Whether Kellie Leitch or Kevin O’Leary survive is in the hands of the 12-person jury of their peers. The very fact that Leitch and O’Leary are the two best known candidates is not only frightening but why either of them thinks they can win is confusing. O’Leary lives in Boston, Massachusetts, does not speak French, knows nothing about the job of leader, has never been elected to anything and has nothing to contribute. And he can hardly use bigotry al a Trump because Leitch got there first.

Leitch is pathetic in her attempts to fuse the Trump bigotry with her big-eyed, little girl pose. As someone who has taught public speaking, it was painful to watch as much as we did of her recent and obviously heavily edited video trying to explain her “Canadian values” pitch to Conservatives. She even goes back to the Mike Harris “Common Sense Solution” in reaching for code words that appeal to the right-wing of her party.

Kellie Leitch’s only asset is that she is a sitting Member of Parliament. Her electoral district is in that swath of ridings across central Ontario where they have periodically tried to put a bounty on Liberals. She might be a frontrunner but will not grow much in the ballot counting.

What Leitch and O’Leary will have a hard time overcoming is the voting system the Conservatives will be using in May to determine their next leader. Each electoral district across Canada will be equal and the voters can indicate their second, third, fourth votes and so on. As nobody is the least bit likely to have 50 per cent plus one on the first few ballots, it really will be an election where the losers are the choosers.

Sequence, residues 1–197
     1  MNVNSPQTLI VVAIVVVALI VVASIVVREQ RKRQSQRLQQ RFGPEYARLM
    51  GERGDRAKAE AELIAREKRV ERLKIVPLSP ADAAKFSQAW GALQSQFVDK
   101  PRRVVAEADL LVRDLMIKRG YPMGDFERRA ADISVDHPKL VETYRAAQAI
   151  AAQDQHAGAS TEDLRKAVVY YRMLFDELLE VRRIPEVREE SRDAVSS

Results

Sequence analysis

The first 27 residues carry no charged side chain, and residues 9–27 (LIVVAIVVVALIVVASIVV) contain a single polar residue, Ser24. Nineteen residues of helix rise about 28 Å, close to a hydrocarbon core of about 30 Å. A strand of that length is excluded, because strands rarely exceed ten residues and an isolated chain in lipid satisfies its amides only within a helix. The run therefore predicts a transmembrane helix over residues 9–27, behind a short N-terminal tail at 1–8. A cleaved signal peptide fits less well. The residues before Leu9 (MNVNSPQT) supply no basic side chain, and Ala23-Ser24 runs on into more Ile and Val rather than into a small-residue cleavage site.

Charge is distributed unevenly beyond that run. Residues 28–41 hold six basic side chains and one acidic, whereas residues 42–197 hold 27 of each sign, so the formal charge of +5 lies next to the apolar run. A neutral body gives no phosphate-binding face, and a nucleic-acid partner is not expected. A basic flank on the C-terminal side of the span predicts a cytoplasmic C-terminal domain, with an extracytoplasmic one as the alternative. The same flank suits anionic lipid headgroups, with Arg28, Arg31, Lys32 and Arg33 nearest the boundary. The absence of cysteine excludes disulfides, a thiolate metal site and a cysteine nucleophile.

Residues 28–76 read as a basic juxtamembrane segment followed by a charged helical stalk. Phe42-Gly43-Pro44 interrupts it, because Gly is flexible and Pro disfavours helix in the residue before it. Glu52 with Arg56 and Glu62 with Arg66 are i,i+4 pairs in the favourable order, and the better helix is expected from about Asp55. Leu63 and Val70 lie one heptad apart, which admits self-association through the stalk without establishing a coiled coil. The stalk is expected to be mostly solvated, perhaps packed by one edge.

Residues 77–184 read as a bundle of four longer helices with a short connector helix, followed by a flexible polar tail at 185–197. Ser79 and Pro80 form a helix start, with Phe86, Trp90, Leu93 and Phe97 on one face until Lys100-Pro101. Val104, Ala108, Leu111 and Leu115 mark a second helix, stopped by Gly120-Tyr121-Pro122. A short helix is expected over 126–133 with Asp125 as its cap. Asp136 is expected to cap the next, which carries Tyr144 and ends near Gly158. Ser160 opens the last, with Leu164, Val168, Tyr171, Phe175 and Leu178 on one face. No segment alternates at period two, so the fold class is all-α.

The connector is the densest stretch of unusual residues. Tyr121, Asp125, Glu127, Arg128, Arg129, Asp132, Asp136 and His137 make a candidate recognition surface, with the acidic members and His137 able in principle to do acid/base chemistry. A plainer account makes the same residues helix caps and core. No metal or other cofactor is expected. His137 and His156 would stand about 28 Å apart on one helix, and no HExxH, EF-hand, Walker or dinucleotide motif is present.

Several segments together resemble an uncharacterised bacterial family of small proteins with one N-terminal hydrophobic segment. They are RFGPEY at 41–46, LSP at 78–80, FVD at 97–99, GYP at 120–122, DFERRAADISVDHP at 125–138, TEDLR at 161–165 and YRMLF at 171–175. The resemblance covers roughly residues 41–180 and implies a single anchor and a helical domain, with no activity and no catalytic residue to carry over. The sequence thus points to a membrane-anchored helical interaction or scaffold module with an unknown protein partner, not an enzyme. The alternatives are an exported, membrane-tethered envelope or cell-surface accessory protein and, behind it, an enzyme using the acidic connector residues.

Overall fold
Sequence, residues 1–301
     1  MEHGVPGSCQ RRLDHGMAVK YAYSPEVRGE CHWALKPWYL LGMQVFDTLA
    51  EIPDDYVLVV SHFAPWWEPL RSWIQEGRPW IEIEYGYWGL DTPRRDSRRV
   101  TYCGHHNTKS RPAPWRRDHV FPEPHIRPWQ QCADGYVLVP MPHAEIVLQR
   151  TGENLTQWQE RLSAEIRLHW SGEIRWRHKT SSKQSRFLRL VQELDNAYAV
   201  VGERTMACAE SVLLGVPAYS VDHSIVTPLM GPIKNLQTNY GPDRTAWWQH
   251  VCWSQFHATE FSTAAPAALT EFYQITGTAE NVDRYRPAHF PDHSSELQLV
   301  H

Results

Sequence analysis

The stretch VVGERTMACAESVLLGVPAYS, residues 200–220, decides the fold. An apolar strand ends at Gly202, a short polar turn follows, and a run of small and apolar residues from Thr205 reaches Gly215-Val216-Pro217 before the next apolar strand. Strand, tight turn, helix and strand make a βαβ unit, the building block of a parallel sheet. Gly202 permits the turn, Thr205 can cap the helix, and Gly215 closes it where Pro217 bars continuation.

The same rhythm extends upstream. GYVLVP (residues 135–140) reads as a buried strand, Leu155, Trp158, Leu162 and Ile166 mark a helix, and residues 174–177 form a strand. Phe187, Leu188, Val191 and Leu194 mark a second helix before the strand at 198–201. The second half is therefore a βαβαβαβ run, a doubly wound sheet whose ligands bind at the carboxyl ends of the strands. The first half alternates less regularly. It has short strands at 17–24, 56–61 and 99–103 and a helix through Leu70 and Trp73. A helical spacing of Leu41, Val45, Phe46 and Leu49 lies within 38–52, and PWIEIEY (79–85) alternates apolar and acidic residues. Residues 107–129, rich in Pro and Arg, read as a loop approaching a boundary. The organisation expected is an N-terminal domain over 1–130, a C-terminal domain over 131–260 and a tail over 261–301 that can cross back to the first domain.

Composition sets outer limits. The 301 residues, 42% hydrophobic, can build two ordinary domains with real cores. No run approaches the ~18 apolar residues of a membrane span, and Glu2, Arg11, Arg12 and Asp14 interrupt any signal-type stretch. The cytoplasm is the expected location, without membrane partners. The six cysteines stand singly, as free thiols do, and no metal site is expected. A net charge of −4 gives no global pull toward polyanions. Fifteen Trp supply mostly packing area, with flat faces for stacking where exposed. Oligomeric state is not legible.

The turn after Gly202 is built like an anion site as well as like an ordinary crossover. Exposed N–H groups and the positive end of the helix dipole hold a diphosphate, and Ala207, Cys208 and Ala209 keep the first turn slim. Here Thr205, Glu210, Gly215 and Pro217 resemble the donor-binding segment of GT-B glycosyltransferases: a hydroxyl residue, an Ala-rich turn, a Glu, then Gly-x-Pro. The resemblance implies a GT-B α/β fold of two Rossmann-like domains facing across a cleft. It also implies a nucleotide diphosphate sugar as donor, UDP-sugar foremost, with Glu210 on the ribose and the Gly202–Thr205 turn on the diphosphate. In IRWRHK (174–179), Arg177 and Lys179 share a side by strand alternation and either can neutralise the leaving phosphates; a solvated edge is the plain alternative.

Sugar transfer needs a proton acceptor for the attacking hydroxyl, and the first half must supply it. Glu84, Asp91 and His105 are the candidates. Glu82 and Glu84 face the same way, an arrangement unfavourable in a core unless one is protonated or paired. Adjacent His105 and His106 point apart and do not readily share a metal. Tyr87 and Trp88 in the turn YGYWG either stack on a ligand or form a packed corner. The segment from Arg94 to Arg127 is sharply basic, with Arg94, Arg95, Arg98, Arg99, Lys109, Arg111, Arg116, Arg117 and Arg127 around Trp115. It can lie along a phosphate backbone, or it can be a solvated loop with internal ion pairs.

But that will not prevent us to from producing a morning line for the punters who want to see the odds on the race before placing a bet. The good news-bad news is that there are lots of longshots for the gamblers.


Copyright 2017 © Peter Lowry

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Is it plagiarism or research?

Thursday, January 17th, 2013

The wife wants to stop delivery of the Toronto Star. The truth is that The Star costs us almost four times as much each year as it costs us to maintain this web site. And then we see an opinion piece this morning by our old friend Bob Hepburn that follows our Morning Line stories of early this month. Bob knows the difference between plagiarism and research but he should have also researched what a morning line is with his sports page buddies.

A morning line is prepared by a knowledgeable track person who can establish a reasonable basis for opening the betting for the race. Obviously Bob Hepburn is no handicapper.  And, obviously, if you are going to propose odds on a race, you hardly wait until the horses are at post and, in this case, you need to know a lot more about the politics and people involved.

But even Babel-on-the-Bay is not perfect. We wrote our morning line in the hiatus between Christmas and New Years. And we lost our only bet. We bet ten bucks with a computer-savvy person that MPP Eric Hoskins would beat MPP Harinder Takhar. You would have thought that was a safe bet. We lost.

We overestimated the influence of social media with the younger Liberals. We really hate Facebook and Twitter and all the rest of them. They are shallow, intrusive and people who follow them usually need to get a life. We should have guessed that smart young Liberals might feel the same.

It was only just before the electoral district voting last week that Eric Hoskins came to Babel and we had a chance to see how young people reacted to him. We asked Eric a loaded question and then watched the young people especially as he answered. He was boring them. He never answered the question. He deserved to come last. From a positive and interesting start to his campaign, he became dull and desperate.